Vietnam is not exactly a shopper’s paradise, and the streets are awash with little shops selling all manner of items. You can do a lot of souvenir shopping in Hanoi, Hanoi’s Old Quarter is particularly excellent for visitors with shops selling clothes, gold, embroidered tablecloths and handbags. Around Hanoi have many handicraft villages, Good souvenirs are marble figurines and vases, ceramics from Bat Trang village, silk paintings from silk village, and hand-painted greetings cards. In particular, the lacquer ware, tailor-made ao dais (female national costume), mother-of-pearl inlay work, silk paintings, and wood block prints are very artistic and worth acquiring to take back home. The hill tribes of the Central Highlands and the north of the country now sell colorful woven bags and clothing. Ho Chi Minh City is also a good place to shop for jewellery, carpets and leather work.
Transportation in Vietnam may not rate as the best in the world. But, easy for you can get flight to come in and you can get by quite easily in the cities. Taxis are by far the most convenient mode of transportation and not expensive. If you want to try and be a little different, then the cyclo (three wheels) or pedicab is an interesting and enjoyable way to explore a city. These are available at all street corners and can be the best way to see a city rather than whizzing around in a taxi. Alternatively, you can also go by the motorbike taxis. A must do is to take the boat tours which are available for many destinations. To getting the high land of Vietnam, you can take a night or day train, with luxury cabin (air condition…) the train will make you fell comfortable. From Vietnam, if you want to go to some country near Vietnam (China, Lao, Cambodia, Thai lan), flight or train is best choice.
There are excellent hospitals in Hanoi and Ho Chi Minh City, and health care centres in all provinces, but facilities are limited and there is a lack of medicines. Health insurance is essential and should include cover for emergency repatriation by air. Immediate cash payment is expected for services.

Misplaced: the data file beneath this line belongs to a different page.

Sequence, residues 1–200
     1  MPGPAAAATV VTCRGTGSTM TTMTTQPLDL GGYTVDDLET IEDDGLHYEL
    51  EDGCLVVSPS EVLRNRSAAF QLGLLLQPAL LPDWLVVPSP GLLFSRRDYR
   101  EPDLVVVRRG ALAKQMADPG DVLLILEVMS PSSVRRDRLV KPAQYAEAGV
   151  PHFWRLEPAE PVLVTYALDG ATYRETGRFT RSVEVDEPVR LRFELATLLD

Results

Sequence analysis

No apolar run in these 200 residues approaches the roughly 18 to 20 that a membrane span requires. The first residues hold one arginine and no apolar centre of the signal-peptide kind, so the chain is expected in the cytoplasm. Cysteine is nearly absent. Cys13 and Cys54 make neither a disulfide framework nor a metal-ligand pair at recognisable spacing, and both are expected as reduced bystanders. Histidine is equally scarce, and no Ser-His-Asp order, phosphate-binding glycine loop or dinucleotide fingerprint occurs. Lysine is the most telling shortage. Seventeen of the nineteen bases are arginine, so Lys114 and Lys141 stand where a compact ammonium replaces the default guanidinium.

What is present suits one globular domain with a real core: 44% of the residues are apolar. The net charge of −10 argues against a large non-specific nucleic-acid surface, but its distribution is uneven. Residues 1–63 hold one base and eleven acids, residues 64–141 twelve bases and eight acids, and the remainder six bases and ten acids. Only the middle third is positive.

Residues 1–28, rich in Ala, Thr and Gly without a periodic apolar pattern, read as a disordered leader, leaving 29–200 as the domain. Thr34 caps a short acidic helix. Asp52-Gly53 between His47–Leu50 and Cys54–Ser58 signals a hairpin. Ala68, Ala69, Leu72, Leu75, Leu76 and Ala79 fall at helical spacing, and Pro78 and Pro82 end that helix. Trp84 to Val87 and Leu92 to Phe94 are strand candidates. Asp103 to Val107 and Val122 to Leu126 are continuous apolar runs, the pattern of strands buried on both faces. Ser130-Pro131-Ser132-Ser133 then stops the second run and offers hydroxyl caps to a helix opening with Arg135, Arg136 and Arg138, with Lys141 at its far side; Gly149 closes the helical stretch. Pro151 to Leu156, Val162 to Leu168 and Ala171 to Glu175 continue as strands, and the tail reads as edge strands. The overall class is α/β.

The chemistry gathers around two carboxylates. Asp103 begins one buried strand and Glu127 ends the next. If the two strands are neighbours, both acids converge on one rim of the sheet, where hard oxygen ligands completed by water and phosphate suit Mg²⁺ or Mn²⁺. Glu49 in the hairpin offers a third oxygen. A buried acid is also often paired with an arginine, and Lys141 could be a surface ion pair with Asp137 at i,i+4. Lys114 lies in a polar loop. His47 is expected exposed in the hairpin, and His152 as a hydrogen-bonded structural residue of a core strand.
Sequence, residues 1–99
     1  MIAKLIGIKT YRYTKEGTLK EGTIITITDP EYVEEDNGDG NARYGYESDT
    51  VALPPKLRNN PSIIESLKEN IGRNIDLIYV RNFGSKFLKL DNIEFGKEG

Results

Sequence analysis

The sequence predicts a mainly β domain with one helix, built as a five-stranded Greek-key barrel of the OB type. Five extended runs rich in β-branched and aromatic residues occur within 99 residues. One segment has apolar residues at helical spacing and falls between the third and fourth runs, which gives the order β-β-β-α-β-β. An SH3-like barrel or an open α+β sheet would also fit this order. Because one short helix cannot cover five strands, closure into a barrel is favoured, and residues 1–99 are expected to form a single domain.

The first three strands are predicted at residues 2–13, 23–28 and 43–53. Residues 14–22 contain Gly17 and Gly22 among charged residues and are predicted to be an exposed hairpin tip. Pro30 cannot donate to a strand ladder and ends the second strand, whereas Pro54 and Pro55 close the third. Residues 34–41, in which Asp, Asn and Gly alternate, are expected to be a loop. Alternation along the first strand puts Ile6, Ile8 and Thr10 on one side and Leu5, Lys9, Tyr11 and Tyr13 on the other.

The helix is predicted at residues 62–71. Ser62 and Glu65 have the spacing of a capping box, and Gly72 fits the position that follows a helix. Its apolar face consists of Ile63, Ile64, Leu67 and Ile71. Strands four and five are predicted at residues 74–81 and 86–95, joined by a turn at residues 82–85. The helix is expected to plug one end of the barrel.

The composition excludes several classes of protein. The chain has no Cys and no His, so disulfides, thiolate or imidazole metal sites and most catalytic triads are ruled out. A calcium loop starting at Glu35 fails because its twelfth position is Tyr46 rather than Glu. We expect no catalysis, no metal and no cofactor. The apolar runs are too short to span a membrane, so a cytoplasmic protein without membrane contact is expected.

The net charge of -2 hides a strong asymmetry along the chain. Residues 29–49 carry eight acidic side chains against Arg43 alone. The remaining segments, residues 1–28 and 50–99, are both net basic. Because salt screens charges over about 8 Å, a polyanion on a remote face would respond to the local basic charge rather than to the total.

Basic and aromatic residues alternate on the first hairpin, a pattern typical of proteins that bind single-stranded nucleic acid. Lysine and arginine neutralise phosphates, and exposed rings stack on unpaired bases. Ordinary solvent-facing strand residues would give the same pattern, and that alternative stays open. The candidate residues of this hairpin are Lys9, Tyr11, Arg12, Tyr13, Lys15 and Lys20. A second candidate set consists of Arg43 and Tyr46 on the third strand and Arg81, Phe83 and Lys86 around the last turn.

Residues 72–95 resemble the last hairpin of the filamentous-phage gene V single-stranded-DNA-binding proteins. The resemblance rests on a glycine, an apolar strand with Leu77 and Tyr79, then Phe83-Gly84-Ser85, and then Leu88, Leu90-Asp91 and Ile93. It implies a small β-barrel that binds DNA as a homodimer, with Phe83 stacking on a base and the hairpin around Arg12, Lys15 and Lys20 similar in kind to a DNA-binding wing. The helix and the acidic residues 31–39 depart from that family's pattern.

Vietnam runs off a 220V/50Hz system.
The international country code to dial into Vietnam is +84. To dial overseas from within Vietnam, dial 00 followed by the relevant country code and phone number.
Emergency numbers in Vietnam are: Ambulance (15); Fire (14); and Police (13).
Although Vietnam is in the process of modernizing its communication systems. The easiest mode of communication is by telephone. All hotels allow the use of telephones and some do not charge for domestic calls. International direct dialling facilities are also easily available and standard charges are applicable. However, if you are using this facility from a hotel, it may work out to be expensive. The most convenient way to communicate when you are in Vietnam would be to make use of cellular phone technology. All you need to do is buy a pre-paid phone-card and you can be in touch wherever you go. Recharge the card when your talk time is over. All incoming calls are free in Vietnam, regardless of where the calls come from. You have to pay the local rate for local calls and the charges for international calls per minute are also very reasonable. There is a concession when you call during off-peak hours: 11:00pmto 7:00am. The cellular phone system in Vietnam is GSM. Ever since the government of Vietnam has permitted Internet usage in the country (in 1997). There are internet cafes in most hotel lobbies and business centers, which you can use to access your mail by paying 4,000 to 5000 VND per hour. However, some sites have been blocked by the government.
You can also use the good old-fashioned way of communication by using the postal service. Post offices in the country are open from 8am to 8pm. A booklet of ten postcards costs 10,000 VND. Letters and postcards take about two weeks to be delivered to either Europe or the USA.
01 January: New Year’s Day (Tet Duong Lich)
January or February (3 days): Tet (Vietnamese New Year – Tet Am Lich)
03 February: Anniversary of the Founding of the Vietnamese Communist Party.
30 April: Liberation Day (Giai Phong Saigon – the day on which Saigon surrendered – 1945)
01 May: International Labour’s Day (Quoc te Lao Dong)
19 May: Ho Chi Minh’s birthday (1890)
Eighth day of the fourth moon (usually in June): Buddha’s birthday (Phat Dan)
02 September: National Day (1945)
25 December: Christmas Day
Note: When a public holiday fall on Saturday and/or Sunday, then the Monday following the holiday is substituted.